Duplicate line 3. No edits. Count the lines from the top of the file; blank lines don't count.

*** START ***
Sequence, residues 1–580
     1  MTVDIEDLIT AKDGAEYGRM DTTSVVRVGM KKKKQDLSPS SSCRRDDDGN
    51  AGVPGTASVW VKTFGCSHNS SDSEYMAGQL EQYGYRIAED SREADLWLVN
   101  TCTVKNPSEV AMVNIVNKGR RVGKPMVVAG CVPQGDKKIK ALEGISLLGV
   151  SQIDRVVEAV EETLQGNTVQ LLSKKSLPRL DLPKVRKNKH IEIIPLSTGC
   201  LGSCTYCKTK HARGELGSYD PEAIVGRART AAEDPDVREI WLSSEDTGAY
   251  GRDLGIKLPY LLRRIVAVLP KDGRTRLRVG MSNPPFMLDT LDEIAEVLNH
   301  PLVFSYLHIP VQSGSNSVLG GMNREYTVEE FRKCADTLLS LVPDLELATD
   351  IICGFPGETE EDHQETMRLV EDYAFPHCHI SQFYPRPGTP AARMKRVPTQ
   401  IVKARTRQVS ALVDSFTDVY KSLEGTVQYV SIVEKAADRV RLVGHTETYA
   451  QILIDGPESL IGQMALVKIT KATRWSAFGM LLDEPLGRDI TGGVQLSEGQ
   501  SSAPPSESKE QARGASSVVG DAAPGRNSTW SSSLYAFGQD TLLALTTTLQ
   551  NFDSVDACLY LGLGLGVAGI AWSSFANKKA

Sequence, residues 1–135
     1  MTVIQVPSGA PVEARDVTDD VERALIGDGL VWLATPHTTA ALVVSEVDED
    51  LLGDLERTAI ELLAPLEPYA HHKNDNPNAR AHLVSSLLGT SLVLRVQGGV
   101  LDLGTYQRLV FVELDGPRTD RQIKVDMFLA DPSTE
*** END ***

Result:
    51  AGVPGTASVW VKTFGCSHNS SDSEYMAGQL EQYGYRIAED SREADLWLVN